The important idea is to be clear in what your values are, and to do business with people who share those values. Like many others, I had passing ideas/thoughts on what my values were. But it wasn’t until I took the time to sit down and actually think and journal about them that I got crystal clear (mine are Friendship, Justice and Learning). 


In service of helping you get clear on yours, you can access our Values course for free. 


Have you ever thought about this? What are your personal values? 




To say Jesus was empathetic would be an understatement. Another part of my conversation with Abel dealt with how his credit union works to engage in empathetic banking. This means going far above and beyond traditional lending practices. 


For example, when someone applies for a loan, but isn’t in a financial position to be approved, instead of simply denying them, they work to put a plan in place to help that person one day get approved. They provide them with the resources necessary to improve their credit and financial situation. This small, but extremely meaningful, does people a great service. 


It struck me that the more time we spend thinking about our personal values, the better we’re able to serve others. Let me explain: Once I know what I stand for, what I stand against, and where I donate money, the more purposefully I can act. 

When I encounter a homeless person asking for money on the street, I do not hand them money. Instead, I’m able to direct them to emergency and essential services that my family and I make donations to.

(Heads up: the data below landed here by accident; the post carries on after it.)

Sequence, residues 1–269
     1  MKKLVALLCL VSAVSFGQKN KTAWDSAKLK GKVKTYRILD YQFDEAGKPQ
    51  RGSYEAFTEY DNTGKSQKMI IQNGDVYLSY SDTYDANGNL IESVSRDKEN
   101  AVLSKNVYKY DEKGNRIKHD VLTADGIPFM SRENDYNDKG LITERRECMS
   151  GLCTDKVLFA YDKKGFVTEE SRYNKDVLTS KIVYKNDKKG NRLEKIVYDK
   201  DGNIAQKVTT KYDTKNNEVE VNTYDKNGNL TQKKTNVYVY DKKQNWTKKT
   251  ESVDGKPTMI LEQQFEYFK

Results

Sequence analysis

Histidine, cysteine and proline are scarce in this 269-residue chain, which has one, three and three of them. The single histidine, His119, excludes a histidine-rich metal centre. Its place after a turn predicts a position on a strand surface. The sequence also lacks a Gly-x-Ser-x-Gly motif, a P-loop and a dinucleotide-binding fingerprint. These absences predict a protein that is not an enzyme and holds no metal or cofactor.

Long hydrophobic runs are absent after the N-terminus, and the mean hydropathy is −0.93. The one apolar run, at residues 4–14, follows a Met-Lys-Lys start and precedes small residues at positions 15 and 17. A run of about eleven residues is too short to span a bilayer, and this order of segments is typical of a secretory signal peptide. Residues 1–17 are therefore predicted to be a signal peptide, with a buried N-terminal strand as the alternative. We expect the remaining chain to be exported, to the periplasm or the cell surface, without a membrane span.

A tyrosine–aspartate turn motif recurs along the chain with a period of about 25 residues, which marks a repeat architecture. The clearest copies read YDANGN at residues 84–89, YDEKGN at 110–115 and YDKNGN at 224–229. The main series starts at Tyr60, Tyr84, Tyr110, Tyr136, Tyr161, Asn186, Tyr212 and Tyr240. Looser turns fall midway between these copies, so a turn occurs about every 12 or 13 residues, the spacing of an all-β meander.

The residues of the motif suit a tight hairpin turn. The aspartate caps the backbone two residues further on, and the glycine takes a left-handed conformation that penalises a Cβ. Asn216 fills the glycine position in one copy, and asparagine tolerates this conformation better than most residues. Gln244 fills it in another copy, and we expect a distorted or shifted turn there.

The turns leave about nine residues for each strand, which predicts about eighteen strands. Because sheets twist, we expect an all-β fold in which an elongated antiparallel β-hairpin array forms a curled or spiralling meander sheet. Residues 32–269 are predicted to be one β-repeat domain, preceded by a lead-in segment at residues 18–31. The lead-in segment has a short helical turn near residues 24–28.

Who and/or what do you give money to? Why have you decided to do that? 




Man plans, and God laughs. But that doesn’t mean we don’t plan. In fact, it’s quite the opposite. 


Since we’re all aware things don’t always work out exactly the way we want, we need to act accordingly and make preparations. Pre-Pandemic, I would recommend people to have three month’s worth of expenses saved as an emergency fund. Today, I’ve upped that to six. 


I want everyone to achieve financial security. But I know that won’t be possible until people first reach financial security. Having an emergency fund of at least six months is that security.


And it’s important to plan for every aspect of your life. You and I need money today, we’ll need money in 10 years, and we’ll need it in 30 years. To help you clarify your most important goals and objectives, you can access our Goals course for free.  


Financial planning sounds complicated, but it’s really a simple process. Taking the time to decide what you want your life to look like is the first step. Next, you need to put plans in place for making them happen. Finally, you must execute and adjust along the way. 


How much time do you spend thinking about your future? 




Anyone can become a good financial steward. 


Decide you’re going to be one, and think deeply about the five areas you’ve just read about. 


You can be a good steward of your money. 


We’ve got three free courses you can take advantage of: Our Goals Course, Values Course, and our Get Out of Debt course.


If you’re ready to take control of your financial life, check out our DIY Financial Plan course. 


Connect with one of our Certified Partners to get any question answered. 


Stay up to date by getting our monthly updates.


Check out the LifeBlood podcast.